Thank you for all of your questions related to AZTech, Integra, Aandwill, and Wireclass. The dramatic upsurge in questions corresponds to the mass issuance of Requests for Evidence (RFE) and Notices of Intent to Deny (NOID) by USCIS to I-765 STEM extension applicants and H-1B petitioners. The texts of the NOIDs and RFEs are relatively standard. For example, one of the RFEs states:
Provide your complete employment history (including start and end dates) and proof of employment for your initial grant of Optional Practical Training (OPT). Evidence of employment may include but is not limited to:
- Letters for employer(s) establishing jot title(s), duties, location, pay rate, and number of hours worked per week.
- Copies of your earning statements/pay stubs.
- Copies of your W-2s.
If you worked for an employment agency or consultancy, you must provide evidence of the jobs you worked on and dates worked. Additionally, if you worked remotely (telework, assigned to a client site, etc..) notate such in your employment history.
One of the most frequently asked questions we have received relates to how to respond to the RFE or NOID. Many I-765 STEM Extension applicants in particular seem resigned to take the “path of least resistance” in their minds. Instead of replying, they are considering withdrawing their applications or not responding and just leaving the US. They believe that somehow someway, at some point down the road, this nightmare will just go away, that their name will magically disappear from the government database and they will have no problem receiving a visa. They could not be more wrong.
Information does not “magically disappear” from a government database. There is no statute of limitations in immigration law. In these cases, the consequences may be permanent. If there is a Section 212(a)(6)(C)(i) finding of a willful, material misrepresentation – and many associated with AzTech, Integra, Aandwill, and Wireclass have already been subject to such a draconian finding – the consequences are a lifetime ban from the United States. This means that in order to return to the US, you would need a waiver. Immigrant waivers, in particular, are difficult to obtain.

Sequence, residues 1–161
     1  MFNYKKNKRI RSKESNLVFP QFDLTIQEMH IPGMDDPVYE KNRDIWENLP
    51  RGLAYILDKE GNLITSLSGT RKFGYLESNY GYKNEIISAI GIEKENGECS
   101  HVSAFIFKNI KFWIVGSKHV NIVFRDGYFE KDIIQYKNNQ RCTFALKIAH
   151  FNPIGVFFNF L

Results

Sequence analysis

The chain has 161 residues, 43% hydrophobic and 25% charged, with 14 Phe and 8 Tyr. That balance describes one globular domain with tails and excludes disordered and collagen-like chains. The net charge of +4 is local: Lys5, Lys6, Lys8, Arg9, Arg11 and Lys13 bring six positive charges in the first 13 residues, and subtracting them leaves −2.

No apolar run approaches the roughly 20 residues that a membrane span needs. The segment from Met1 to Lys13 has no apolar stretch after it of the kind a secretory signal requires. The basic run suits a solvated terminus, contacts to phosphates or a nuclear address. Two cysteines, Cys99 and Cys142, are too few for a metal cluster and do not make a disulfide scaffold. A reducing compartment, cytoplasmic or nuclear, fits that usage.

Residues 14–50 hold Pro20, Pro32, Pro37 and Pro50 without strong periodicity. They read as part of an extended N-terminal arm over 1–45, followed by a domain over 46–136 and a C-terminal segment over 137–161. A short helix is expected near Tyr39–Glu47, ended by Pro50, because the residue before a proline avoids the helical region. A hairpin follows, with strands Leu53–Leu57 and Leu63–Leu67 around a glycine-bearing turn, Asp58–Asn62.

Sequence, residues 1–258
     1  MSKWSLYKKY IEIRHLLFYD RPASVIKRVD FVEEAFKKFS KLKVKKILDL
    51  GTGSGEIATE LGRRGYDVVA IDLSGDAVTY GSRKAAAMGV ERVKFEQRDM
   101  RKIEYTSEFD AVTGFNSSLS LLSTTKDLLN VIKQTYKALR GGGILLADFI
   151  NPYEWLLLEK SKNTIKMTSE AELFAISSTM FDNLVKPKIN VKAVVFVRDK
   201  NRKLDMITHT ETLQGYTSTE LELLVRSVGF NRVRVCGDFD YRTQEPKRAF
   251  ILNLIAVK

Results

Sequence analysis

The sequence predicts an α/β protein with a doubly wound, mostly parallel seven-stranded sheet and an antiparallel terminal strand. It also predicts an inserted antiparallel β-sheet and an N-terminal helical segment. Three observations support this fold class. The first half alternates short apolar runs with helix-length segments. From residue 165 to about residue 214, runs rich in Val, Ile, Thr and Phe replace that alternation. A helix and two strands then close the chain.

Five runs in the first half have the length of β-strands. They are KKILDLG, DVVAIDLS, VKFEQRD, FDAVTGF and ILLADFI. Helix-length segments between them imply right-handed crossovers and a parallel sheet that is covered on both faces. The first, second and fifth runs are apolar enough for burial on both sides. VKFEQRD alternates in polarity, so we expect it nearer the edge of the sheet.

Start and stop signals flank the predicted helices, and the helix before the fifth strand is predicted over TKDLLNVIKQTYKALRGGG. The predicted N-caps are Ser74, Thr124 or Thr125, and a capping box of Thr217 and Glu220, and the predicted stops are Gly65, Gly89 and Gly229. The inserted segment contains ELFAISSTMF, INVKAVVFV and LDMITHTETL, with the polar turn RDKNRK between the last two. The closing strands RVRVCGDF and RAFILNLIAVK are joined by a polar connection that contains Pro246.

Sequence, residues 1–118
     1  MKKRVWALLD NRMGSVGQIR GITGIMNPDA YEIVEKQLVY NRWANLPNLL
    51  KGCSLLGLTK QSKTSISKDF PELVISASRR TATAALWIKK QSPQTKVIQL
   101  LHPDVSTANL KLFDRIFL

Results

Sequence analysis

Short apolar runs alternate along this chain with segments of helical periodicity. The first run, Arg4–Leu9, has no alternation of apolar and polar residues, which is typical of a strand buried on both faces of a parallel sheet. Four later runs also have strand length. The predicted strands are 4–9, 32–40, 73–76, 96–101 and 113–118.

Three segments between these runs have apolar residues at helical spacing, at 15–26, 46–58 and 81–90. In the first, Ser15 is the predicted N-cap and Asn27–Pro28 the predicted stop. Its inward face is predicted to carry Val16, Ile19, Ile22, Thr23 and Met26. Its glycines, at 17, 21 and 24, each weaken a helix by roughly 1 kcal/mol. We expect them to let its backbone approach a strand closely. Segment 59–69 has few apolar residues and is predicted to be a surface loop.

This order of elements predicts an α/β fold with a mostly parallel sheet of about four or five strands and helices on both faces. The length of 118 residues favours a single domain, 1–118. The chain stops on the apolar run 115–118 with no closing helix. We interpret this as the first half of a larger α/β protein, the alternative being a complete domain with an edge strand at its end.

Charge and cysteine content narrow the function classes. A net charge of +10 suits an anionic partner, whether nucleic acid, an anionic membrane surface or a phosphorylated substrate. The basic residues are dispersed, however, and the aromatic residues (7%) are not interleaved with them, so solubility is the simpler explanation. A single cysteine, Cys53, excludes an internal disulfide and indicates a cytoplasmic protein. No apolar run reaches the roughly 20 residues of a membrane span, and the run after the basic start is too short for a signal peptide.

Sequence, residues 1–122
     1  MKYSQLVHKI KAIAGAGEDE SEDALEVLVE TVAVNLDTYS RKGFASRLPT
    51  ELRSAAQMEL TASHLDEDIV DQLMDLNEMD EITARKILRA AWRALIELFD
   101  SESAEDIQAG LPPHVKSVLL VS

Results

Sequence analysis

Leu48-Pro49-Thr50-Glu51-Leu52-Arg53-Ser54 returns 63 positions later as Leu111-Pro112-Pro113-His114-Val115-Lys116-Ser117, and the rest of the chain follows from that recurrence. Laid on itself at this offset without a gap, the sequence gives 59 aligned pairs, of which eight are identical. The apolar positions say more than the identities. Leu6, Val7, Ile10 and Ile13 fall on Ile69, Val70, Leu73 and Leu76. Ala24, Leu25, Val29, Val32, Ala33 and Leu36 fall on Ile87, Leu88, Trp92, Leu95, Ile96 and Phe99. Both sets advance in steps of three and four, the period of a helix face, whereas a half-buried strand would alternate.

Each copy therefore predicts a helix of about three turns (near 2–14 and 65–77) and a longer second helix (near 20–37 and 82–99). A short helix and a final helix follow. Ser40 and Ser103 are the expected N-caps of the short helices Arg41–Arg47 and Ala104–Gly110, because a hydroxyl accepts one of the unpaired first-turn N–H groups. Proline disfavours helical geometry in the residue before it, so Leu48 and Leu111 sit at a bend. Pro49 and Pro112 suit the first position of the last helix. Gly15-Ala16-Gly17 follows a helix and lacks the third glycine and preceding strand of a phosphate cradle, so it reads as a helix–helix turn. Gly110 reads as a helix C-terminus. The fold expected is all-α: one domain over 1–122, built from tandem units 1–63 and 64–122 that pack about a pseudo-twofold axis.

Realistically, “surrender” should not be an option here. Instead of giving up, it is imperative to use the opportunity that the RFE or NOID presents to respond. As the saying goes, the best defense is a good offense. One of the few positive concessions that USCIS has made to the pandemic is the allowance of an additional 60 days to respond to the RFE or NOID. This time should be maximized – used diligently and effectively in preparing a comprehensive response based on the facts in your case and the law.
Please feel free to contact us to discuss your situation.